The discussion covered Kurt Tong's two series, "In Case it Rains in Heaven" and "Memories, Dreams Interrupted", both on show in the gallery as well as more general discussions about his approach to work. This was interspersed with a lively aside and much comment from the audience on a piece in the Guardian in which Alex Soth explained his 7 year old daughter had shot his contribution to the Brighton Photo Biennial.
Kurt explained much about the Chinese practice of making paper offerings to the dead as featured in the "In Case it Rains in Heaven" series. He also explained that because of the superstitions attached to this practice no studios in Hong Kong where he shot these pictures would allow him to bring the offerings onto their premises. Instead Kurt used a makeshift studio.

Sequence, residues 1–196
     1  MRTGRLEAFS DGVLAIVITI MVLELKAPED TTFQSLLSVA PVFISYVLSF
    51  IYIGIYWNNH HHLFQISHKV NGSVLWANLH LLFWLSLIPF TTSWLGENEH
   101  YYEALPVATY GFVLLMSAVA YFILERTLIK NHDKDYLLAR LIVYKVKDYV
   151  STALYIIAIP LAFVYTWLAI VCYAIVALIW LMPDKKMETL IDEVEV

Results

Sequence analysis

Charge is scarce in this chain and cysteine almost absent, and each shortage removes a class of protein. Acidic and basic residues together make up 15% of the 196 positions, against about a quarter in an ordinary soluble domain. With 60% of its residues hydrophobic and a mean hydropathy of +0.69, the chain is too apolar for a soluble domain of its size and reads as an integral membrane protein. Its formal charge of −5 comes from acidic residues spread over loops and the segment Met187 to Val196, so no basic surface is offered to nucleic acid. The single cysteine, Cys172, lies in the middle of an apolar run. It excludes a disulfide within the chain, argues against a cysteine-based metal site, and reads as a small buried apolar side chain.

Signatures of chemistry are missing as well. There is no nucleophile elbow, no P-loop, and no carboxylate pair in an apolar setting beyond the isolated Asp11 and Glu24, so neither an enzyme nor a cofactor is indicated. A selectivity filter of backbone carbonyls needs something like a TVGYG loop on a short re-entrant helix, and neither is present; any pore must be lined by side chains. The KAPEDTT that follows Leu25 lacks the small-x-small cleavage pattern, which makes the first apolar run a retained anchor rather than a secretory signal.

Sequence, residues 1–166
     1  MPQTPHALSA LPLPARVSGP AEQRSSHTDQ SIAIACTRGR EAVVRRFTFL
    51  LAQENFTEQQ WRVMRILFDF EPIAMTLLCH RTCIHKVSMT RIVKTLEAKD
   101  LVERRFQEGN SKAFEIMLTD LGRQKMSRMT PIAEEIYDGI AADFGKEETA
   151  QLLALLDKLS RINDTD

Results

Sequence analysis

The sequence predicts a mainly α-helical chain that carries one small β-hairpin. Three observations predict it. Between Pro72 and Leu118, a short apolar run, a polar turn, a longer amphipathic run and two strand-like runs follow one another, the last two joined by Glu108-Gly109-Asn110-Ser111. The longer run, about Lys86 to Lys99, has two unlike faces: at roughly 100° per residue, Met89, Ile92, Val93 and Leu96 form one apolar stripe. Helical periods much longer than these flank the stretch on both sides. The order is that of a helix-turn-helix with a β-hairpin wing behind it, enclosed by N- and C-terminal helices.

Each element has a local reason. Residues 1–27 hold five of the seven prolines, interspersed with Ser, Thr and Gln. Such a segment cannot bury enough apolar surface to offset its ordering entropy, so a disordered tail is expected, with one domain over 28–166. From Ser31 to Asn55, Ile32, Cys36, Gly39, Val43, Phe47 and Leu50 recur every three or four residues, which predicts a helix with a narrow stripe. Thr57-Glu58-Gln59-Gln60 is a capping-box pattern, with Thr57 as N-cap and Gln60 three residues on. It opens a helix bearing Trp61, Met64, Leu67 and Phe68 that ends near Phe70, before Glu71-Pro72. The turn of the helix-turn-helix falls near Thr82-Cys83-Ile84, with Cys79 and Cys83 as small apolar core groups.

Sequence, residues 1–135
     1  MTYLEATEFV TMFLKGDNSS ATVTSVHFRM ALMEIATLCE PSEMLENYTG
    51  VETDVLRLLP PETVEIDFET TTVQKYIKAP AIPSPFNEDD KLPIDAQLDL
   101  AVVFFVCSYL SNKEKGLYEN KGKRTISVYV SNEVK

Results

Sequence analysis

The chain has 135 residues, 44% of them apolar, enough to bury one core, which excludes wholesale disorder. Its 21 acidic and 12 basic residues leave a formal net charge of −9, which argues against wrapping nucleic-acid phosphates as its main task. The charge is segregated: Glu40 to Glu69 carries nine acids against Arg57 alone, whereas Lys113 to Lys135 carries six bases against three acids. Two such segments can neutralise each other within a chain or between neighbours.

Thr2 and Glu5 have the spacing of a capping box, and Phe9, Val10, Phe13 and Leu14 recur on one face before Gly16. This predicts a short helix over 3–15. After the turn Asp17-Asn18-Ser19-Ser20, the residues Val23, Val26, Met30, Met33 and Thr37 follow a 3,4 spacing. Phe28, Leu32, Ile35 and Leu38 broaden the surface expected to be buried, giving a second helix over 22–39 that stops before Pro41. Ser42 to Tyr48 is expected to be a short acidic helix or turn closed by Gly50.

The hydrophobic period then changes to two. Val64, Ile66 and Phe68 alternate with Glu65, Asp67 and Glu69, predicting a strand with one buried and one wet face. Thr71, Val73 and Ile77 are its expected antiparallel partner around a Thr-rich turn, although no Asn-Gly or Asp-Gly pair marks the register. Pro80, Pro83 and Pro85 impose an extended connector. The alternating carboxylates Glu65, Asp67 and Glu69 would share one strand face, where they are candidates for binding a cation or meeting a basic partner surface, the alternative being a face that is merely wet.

His explanation of the thinking behind the Memories series highlighted his concern with combining the physical nature of photograph making and the conceptual. The images were produced by distressing and almost destroying sheet film by x-raying, heating and freezing it, and then using the characteristics of different scanners to pull out different parts of the information which he then put together in Photoshop. This is, for Kurt, an analogy with what we understand memory itself to be, something that is constantly revised and altered by revisiting it. Kurt drew a comparison between how memory constantly develops and what happens when a jpeg is repeatedly opened and re saved and opened and re saved. The result is something new, albeit corrupted in the case of the jpeg.
The conversation continued in the Prince round the corner.